• FIG. 6 illustrates the improved trigger group for semi-automatic firearms 10 of the present invention. More particularly, the trigger group for semi-automatic firearms 10 is shown in semi-automatic mode with the safety selector assembly 74 pointing at the 12 o'clock position. Gas pressure resulting from the discharge of a round has driven the bolt carrier group 148 (shown in FIG. 8) rearward, pushing the hammer 12 back into the cocked position. The notch 22 of the hammer has latched onto the hook 60 of the semi-automatic disconnector 50. This engagement prevents the hammer from rotating forward again even though the trigger 62 remains pulled. The hook 48 on the binary disconnector 38 is held behind the hook on the semi-automatic disconnector, which prevents the hook on the binary disconnector from engaging the notch 22 on the hammer. As the trigger is released, the front 56 of the semi-automatic disconnector is pushed up. This movement disengages the notch 22 of the hammer from the hook 60 of the semi-automatic disconnector. Just prior to the hammer disengaging from the semi-automatic disconnector, the sear 72 on the trigger 62 is positioned to catch the notch 24 in the hammer, which prevents the hammer from rotating forward until the trigger is pulled again. This is the position shown in FIG. 4.
  • FIG. 7 illustrates the improved trigger group for semi-automatic firearms 10 of the present invention. More particularly, the trigger group for semi-automatic firearms 10 is shown failing to transition from semi-automatic mode to binary mode. The safety selector assembly 74 cannot transition from semi-automatic mode to binary mode unless the trigger 62 is forward. Otherwise, the rear 58 of the semi-automatic disconnector 50 blocks cam lobe 92 on the safety selector and prevents further clockwise rotation of the safety selector into binary mode. The backup disconnector 26 is also blocked, but by the interaction between the cam pin 36 and the cam surface 146 on the housing 136 rather than by an interaction with the safety selector. This safety feature prevents users from inadvertently shifting the safety selector to binary mode unless the user clearly intends to do so. The position of the bolt carrier group 148 (shown in FIG. 8) does not affect the ability to transition from semi-automatic mode to binary mode.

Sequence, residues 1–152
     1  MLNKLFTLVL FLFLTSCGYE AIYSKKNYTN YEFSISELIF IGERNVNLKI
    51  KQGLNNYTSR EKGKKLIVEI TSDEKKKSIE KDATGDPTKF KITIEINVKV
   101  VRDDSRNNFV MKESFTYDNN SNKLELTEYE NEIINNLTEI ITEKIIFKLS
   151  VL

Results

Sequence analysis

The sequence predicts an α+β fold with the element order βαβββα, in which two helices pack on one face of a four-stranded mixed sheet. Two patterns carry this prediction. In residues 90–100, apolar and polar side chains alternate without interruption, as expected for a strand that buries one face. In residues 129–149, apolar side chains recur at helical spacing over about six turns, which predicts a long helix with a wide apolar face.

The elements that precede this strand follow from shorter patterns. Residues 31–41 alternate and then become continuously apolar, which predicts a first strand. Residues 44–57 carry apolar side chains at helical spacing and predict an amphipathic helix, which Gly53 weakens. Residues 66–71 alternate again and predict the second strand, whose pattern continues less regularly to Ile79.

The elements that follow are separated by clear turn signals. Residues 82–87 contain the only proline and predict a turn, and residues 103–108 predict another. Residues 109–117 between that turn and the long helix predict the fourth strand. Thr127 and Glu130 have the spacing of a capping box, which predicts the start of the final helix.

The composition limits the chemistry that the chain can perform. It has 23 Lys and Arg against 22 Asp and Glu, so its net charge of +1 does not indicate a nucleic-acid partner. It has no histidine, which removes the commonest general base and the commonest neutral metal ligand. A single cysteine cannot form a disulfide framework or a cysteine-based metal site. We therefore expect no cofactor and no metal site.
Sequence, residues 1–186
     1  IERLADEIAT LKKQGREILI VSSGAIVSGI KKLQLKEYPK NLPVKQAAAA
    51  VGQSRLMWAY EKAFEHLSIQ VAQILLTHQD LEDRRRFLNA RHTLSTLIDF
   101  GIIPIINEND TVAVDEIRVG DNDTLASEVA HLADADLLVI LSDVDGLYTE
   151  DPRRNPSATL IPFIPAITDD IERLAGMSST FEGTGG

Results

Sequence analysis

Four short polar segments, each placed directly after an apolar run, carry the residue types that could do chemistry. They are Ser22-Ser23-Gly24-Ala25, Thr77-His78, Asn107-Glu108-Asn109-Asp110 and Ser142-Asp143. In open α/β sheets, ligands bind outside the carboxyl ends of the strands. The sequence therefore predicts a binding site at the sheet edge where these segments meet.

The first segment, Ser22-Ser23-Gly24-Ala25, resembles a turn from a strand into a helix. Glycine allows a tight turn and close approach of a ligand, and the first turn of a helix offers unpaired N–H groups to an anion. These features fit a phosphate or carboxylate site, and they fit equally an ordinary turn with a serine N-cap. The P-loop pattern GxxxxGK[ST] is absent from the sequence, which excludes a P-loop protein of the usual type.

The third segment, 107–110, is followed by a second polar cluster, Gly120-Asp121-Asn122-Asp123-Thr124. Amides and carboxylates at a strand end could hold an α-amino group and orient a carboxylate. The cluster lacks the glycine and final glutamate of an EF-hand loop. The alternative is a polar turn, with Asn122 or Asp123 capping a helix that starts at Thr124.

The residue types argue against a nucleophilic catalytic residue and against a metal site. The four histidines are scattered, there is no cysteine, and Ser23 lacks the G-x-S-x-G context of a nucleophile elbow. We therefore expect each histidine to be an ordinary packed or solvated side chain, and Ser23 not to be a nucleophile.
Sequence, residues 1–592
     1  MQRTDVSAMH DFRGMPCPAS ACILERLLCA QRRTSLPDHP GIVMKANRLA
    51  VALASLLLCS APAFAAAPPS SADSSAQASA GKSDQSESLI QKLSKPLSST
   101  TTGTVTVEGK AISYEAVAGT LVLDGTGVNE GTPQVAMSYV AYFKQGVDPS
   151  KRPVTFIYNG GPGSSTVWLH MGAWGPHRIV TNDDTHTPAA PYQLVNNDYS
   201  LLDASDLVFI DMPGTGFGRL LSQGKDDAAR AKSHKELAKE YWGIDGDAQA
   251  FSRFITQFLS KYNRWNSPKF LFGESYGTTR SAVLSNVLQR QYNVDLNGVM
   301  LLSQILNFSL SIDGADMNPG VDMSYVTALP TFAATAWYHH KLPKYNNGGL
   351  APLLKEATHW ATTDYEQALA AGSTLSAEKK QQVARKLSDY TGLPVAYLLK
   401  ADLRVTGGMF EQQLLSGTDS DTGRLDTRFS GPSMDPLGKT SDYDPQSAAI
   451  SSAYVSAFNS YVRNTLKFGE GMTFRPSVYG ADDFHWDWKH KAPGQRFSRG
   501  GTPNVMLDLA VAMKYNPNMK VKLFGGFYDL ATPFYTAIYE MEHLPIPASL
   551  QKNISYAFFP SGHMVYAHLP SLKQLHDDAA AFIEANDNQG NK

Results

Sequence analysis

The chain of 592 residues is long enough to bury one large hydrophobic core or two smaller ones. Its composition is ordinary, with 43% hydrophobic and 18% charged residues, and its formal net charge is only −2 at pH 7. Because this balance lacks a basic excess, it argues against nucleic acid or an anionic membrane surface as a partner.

• In this condition, the rear 58 of the semi-automatic disconnector 50 is positioned downward in the path of the cam lobe 88 on the safety selector assembly 74. The user cannot rotate the safety selector clockwise into binary mode with the safety selector pointing at the 3 o'clock position when the trigger is pulled in semi-automatic mode.
  • FIG. 8 illustrates the improved trigger group for semi-automatic firearms 10 of the present invention. More particularly, the trigger group for semi-automatic firearms 10 is shown in binary mode with the safety selector pointing at the 3 o'clock position. After a successful transition to binary mode with the trigger 62 forward, cam lobe 78 on the safety selector is recessed to allow the trigger 62 to be pulled when the hammer 12 is cocked. Cam lobe 94 on the safety selector is also recessed to allow the rear 46 of the binary disconnector 38 to rotate counterclockwise under spring pressure so the hook 48 on the binary disconnector is able to come into contact with the notch 22 on the hammer. The cam lobe 88 is pushing down on the semi-automatic disconnector 50 to prevent the rear 58 from rotating counterclockwise under spring pressure so the hook 60 on the semi-automatic disconnector is able to interface with the hammer. The hammer is restrained by the engagement of the sear 72 on the trigger with the notch 24 on the hammer. If the trigger is subsequently pulled, the hammer will rotate forward under spring pressure and hit the firing pin to discharge a round.
  • In FIG. 8, the trigger 62 has been previously pulled, which disengaged the sear 72 from the notch 24 on the hammer 12. The disengagement enabled the hammer to rotate forward under spring pressure to hit the firing pin to discharge a round. Gas pressure resulting from the discharge of the round has driven the bolt carrier group 148 rearward. The bottom 150 of the bolt carrier group has depressed the top 14 of the hammer into a maximum compressed state. Depression means moving the hammer beyond the cocked position, further away from the firing position.